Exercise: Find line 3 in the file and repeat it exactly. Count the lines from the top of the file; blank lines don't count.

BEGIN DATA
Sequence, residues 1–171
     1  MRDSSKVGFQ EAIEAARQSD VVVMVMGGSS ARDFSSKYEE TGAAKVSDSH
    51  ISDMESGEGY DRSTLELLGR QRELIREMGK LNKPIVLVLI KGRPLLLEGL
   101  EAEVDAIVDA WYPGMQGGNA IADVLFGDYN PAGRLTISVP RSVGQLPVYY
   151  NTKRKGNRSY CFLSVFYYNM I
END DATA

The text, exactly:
    51  ISDMESGEGY DRSTLELLGR QRELIREMGK LNKPIVLVLI KGRPLLLEGL